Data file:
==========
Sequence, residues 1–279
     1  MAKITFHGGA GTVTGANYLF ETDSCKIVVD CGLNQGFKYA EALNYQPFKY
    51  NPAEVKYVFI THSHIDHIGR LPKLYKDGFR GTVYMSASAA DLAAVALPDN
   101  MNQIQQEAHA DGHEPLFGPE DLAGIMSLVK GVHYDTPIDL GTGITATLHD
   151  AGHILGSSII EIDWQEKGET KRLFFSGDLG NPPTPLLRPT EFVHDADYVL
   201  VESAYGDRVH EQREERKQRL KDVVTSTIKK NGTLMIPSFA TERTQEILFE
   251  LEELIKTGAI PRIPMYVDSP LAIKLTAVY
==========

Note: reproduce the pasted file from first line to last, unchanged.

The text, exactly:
Sequence, residues 1–279
     1  MAKITFHGGA GTVTGANYLF ETDSCKIVVD CGLNQGFKYA EALNYQPFKY
    51  NPAEVKYVFI THSHIDHIGR LPKLYKDGFR GTVYMSASAA DLAAVALPDN
   101  MNQIQQEAHA DGHEPLFGPE DLAGIMSLVK GVHYDTPIDL GTGITATLHD
   151  AGHILGSSII EIDWQEKGET KRLFFSGDLG NPPTPLLRPT EFVHDADYVL
   201  VESAYGDRVH EQREERKQRL KDVVTSTIKK NGTLMIPSFA TERTQEILFE
   251  LEELIKTGAI PRIPMYVDSP LAIKLTAVY